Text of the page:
China to continue island development

By Bai Tiantian Source:Global Times Published: 2016/7/20 1:08:01

Scale of construction ‘depends on threats’

China is considering expanding the construction of civilian facilities on some of the South China Sea islands, and the scale of the construction depends on the threat level China faces in the region, analysts said.

"Civilian construction will increase significantly. Airports will be expanded. Airstrips on some of the islands, like the Meiji Reef and Zhubi Reef, will be lengthened," Li Jie, a Beijing-based naval expert, told the Global Times.

Much of the construction will be focused on search and rescue efforts, including providing assistance and supplies to distressed vessels, the expert said.

"China may also increase the number of defensive weapons on the islands, depending on the threat level," Li said.

Of the seven inhabited islets in the Nansha Islands, Meiji, Zhubi and Yongshu are the largest and best equipped. According to experts  from the US-based Center for Strategic and International Studies (CSIS), Meiji Reef is about 6 square kilometers, while Zhubi and Yongshu are about 4 and 3 square kilometers, respectively.

Last week, China tested two new airports on Meiji and Zhubi reefs, about 1,000 kilometers from Hainan Province. The airport on Yongshu was completed in January.

China is not the only country that reclaims land in the disputed waters. Vietnam has also reclaimed land in at least a dozen areas in the Nansha Islands, two of which were also tracked by satellite by CSIS.

Li believes some of China's islands may achieve food self-sufficiency.

"Taiping Island, which is only 0.5 square kilometers, has been able to produce a good amount of vegetables. Meiji and Zhubi could produce more. Sea water may be desalinated to produce clean fresh water," Li said.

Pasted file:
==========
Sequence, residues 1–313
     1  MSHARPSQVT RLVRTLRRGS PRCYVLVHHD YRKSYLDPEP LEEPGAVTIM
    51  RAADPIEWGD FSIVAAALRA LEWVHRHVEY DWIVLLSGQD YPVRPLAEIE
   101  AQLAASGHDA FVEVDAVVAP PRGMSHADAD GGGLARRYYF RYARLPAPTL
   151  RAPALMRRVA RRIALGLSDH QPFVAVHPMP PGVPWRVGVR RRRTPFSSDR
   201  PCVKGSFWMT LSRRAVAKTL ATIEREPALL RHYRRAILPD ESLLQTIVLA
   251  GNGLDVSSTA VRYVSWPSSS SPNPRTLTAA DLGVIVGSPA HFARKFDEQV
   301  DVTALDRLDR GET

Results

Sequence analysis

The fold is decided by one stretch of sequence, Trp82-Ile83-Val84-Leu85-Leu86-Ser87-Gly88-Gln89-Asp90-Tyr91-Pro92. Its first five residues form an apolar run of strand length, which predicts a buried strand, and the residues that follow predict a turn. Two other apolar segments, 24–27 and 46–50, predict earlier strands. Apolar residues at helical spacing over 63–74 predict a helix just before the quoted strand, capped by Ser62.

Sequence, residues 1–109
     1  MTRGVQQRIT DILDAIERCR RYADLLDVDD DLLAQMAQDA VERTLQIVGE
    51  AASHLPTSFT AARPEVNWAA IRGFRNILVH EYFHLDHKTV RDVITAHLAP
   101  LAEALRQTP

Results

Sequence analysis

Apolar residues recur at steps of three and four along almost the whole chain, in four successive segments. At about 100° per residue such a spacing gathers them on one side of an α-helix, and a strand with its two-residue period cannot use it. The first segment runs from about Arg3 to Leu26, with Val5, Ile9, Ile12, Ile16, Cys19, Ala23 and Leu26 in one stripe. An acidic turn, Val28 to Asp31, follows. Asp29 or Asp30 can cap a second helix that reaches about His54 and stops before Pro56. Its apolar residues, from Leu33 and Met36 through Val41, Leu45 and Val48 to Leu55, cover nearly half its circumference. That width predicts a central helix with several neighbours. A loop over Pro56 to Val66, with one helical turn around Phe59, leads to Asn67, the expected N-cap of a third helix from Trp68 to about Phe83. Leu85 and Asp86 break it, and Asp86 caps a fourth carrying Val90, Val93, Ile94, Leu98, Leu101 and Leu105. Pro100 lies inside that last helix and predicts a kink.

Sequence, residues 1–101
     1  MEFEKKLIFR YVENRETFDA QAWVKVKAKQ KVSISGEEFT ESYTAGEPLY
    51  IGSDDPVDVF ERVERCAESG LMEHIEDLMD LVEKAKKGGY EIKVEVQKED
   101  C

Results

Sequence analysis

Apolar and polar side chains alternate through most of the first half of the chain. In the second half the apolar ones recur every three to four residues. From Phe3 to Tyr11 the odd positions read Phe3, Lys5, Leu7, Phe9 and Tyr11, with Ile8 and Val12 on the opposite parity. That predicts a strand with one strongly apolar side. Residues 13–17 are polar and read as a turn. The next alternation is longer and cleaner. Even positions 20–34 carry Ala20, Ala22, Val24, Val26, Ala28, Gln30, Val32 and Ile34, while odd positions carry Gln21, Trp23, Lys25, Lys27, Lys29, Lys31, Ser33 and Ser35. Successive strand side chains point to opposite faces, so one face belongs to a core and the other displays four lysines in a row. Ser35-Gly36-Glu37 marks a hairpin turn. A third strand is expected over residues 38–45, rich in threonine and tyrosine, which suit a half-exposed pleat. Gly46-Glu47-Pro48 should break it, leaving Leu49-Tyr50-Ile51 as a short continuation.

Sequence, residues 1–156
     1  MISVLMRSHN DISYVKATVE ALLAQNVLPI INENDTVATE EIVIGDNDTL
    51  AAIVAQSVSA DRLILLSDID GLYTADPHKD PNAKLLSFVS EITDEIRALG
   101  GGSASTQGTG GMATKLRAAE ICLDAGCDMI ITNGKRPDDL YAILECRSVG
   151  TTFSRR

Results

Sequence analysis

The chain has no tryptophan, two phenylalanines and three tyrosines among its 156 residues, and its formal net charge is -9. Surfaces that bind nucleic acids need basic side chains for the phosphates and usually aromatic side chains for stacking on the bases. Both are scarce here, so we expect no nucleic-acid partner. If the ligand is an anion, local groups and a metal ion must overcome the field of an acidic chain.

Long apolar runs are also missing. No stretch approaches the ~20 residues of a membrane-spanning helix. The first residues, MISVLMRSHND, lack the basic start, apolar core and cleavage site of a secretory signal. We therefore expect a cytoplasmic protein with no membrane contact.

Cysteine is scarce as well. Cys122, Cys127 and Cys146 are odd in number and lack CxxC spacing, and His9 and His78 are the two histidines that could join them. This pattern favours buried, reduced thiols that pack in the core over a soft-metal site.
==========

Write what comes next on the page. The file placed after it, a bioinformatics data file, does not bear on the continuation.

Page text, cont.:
Chinese Navy Commander Wu Shengli on Monday told visiting US Chief of Naval Operations Admiral John Richardson that China will continue construction work in the South China Sea.

Tensions have been rising especially after an arbitration tribunal in The Hague ruled that China's historic rights to resources in sea areas falling within the nine-dash line were "baseless." China firmly rejected the ruling.

Maritime 4G signals

As of Thursday, China Telecom has provided 4G signals to all seven inhabited islets in the Nansha Islands. China Mobile also built 4G base stations on Yongshu and Zhubi Reef as early as March 2015.

Statements sent to the Global Times by China Mobile's Hainan office said the company has opened more than 20 base stations in at least 13 islets and reefs in Xisha and Nansha Islands as part of the country's communications infrastructure.

"Ships passing these waters will receive a message that says 'Welcome to China' [to indicate China's sovereignty]," the statement read.

Vietnam's foreign ministry filed a protest against China in September last year after learning

China Mobile has been providing 4G signals to all seven inhabited islets in Xisha Islands since the start of 2015.

The company also constructed China's first ship-borne satellite base station on Sansha No.1, the supply ship that travels between Qinglan Harbor in Wenchang, Hainan Province and Yongxing Island in Xisha earlier this year.

The ship-borne station allows crews to make phone calls, use WeChat and conduct 4G video conferences at sea, which effectively improves the ships' communications with their headquarters, Lin Zhiyou, a China Mobile network engineer in charge of testing the ship-borne station, told the Global Times.

Yongxing Island is the largest island in Xisha, where the city of Sansha is located. Sansha is the southernmost Chinese city that has jurisdiction over Xisha, Nansha and Zhongsha Islands.

Floating nuclear power stations

China is also eyeing its first maritime nuclear power platform, and is expected to build 20 floating nuclear power stations in the future.

The floating power station will be able to provide safe and efficient power supply to remote  islands in the South China Sea, and power seawater desalination, the China National Nuclear Cooperation wrote in an article published on its official social media WeChat account on Thursday.

The article was later removed from the platform.

Liu Feng, an expert on maritime issues, told the Global Times that tourism may be another area of island development.

He said that it is possible some of the islands can host water sports, such as surfing and sailboarding.

Cruises to three islands in the Xisha Islands - Yinyu, Quanfu and Yagong Islands - are currently available under China International Travel Service's Hainan branch. The cruiseship, Beibuwan No.1, leaves Sanya, Hainan Province every Tuesday for a four-day trip.

Chen Heying contributed to this story

Posted in: Diplomacy

blog comments powered by Disqus